The Electronic Medical Record
Our multispecialty clinic is in the process of converting our standard paper charts to computerized files by adopting an electronic medical record (EMR) system. To say the least, this conversion has been the source of many gray hairs and stomach ulcers for nearly all personnel involved and raises the hackles of our doctors more than almost any other topic. My cardiology group made this transition about 7 months ago and it’s taken me this long for my strong sentiments to simmer to a level where I can produce a somewhat dispassionate discussion (never mind the fact that 6 months ago I would’ve had to type with only one hand, the other being occupied pulling out my hair).
First, a little history about medical records. Doctors have been making notes about the care of their patients for centuries for lots of really good reasons: as a form of communication to other caregivers; out of intellectual curiosity or for research purposes; or mostly because they, like I, have trouble remembering every detail about every patient they treat. Paper has been the universal format for this documentation ever since papyrus and parchment went out of style. Until recently, all doctors maintained a thick, variably organized chart on each patient into which new notes and test results were filed and from which, like socks in a dryer, others occasionally disappeared.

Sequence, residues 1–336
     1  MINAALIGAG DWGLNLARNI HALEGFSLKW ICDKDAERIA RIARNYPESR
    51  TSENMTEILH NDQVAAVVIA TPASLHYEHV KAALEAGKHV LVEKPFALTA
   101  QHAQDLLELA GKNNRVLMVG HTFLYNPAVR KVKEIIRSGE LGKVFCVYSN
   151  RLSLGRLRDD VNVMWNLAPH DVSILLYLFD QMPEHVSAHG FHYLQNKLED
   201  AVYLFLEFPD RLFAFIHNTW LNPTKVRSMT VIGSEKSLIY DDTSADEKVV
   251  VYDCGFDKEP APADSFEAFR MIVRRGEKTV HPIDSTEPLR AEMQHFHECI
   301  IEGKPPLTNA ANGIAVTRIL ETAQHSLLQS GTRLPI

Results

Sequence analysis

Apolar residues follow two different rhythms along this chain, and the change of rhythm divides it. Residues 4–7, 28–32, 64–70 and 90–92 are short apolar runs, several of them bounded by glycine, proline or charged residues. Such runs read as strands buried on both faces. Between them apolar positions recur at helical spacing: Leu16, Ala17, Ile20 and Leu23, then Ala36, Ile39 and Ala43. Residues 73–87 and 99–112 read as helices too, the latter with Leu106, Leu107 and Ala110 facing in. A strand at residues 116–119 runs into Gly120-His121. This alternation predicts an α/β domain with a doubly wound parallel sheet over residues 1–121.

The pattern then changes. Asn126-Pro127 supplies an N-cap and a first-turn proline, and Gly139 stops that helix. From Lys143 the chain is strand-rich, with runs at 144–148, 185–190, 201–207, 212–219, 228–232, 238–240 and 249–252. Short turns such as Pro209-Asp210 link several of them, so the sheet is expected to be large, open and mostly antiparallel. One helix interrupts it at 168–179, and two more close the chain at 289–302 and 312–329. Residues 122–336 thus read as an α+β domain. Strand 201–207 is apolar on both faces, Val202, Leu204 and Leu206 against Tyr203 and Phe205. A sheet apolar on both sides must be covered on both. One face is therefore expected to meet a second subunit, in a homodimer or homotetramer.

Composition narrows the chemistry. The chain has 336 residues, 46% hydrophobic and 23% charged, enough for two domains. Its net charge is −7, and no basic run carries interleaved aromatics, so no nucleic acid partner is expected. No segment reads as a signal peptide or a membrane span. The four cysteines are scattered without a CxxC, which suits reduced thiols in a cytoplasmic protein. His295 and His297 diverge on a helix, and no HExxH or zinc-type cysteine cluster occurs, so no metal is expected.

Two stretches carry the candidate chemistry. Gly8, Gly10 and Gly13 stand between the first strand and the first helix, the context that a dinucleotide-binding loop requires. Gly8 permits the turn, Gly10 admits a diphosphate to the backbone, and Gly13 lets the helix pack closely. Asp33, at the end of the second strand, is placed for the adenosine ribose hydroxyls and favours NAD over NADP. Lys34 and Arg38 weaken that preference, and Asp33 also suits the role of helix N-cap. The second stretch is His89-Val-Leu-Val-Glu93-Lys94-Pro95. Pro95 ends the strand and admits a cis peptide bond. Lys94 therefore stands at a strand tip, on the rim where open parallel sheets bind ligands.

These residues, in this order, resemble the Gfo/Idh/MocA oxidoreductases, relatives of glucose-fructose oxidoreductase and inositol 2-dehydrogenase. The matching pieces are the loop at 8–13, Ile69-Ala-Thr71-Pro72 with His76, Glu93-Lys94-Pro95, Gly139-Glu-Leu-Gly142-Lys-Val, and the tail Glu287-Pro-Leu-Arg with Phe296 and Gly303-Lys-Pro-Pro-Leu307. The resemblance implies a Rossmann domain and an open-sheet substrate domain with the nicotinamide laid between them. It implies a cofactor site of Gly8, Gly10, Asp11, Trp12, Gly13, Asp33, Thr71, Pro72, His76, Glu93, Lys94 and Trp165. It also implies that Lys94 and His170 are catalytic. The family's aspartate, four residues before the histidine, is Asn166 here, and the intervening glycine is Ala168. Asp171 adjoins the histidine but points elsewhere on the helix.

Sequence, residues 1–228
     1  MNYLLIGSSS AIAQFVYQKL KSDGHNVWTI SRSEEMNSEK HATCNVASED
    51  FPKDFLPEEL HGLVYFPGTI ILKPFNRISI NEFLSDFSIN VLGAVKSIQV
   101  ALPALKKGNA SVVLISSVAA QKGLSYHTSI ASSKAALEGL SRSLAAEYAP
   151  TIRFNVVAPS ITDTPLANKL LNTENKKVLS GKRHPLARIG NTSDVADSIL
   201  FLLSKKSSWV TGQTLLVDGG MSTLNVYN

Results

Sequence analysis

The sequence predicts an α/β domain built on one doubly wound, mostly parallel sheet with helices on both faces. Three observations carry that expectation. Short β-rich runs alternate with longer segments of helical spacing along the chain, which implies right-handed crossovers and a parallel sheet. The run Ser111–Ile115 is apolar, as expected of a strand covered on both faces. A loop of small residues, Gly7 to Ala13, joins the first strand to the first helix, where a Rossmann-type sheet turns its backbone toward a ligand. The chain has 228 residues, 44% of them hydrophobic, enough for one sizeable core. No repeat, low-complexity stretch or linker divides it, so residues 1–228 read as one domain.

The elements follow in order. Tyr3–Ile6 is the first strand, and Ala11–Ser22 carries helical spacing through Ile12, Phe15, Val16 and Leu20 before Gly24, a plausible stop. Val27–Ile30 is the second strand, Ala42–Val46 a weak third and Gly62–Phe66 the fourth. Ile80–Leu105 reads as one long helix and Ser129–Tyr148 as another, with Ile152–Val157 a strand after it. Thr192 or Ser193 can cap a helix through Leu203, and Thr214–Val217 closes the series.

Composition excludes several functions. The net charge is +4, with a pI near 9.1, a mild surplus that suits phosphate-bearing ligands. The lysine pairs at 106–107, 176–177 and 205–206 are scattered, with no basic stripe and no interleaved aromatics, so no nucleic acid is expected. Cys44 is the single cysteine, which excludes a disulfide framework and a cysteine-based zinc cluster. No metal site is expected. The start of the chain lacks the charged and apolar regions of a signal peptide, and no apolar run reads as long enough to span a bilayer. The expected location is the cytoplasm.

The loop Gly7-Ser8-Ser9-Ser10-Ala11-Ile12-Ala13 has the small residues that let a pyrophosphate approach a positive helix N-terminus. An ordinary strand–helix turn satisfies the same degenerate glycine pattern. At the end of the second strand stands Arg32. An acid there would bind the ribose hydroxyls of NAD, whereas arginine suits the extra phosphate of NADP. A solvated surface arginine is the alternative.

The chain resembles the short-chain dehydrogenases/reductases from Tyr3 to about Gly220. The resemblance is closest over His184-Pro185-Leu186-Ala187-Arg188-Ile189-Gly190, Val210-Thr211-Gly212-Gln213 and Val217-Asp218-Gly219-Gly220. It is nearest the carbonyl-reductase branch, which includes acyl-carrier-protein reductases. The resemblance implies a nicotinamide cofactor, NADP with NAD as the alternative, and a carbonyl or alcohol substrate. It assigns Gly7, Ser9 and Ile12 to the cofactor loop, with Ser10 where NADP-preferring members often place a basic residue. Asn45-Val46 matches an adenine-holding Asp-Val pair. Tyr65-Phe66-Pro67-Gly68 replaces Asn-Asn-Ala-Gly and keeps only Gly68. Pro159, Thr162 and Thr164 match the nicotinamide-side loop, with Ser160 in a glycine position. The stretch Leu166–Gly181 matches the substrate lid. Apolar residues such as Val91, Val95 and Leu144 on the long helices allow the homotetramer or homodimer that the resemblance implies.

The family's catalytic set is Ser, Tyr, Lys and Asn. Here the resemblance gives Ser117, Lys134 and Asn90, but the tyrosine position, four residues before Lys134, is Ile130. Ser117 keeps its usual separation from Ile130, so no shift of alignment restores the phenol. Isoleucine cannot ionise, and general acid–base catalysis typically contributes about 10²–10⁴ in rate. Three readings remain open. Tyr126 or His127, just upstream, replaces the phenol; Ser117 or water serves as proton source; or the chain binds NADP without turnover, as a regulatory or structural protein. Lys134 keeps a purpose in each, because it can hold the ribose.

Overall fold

Now we have computers. In 2009, logically bundled into the American Recovery and Reinvestment Act (the “stimulus bill”), we received a mandate to transition all hospital and clinic records to some type of computerized, digital format. As health-care providers, our income will be rewarded or penalized based on our compliance by the deadline of 2015.
When we were initially introduced to EMR we were told (by the makers of the program) that we would become more efficient, safe, and thorough once we adopted their product. I can now say, without a doubt, that these claims were wildly overstated. However, unlike many other doctors who rant against EMR in hallways, doctors’ lounges, and blogs, I am favorably inclined toward this new technology while at the same time fully cognizant of its shortcomings.
So, here’s my simple critique of the realistic advantages and disadvantages of EMR:
Advantages of EMR
- For me the most valuable aspect of EMR is my ability to access it from virtually anywhere. I can pull up a patient’s chart from an emergency room or from my home computer and someday will likely be able to access all information from a portable device. No longer do I have to wait until the office opens on Monday to get a hold of the chart.
- Doctors’ handwriting is the stuff of legend. I was half tempted to scan a snippet of medical hieroglyphics and display it for the benefit of those of you who’ve never seen it, but I decided against it—not out of privacy concerns, but rather because I don’t want to be responsible for triggering PTSD among my readers who are nurses.
- Our notes are considerably more thorough with EMR. The computer system forces us to address oft-skipped issues such as family history, unhealthy habits, long-forgotten procedures, and drug intolerances. This information carries forward with each note and is always available.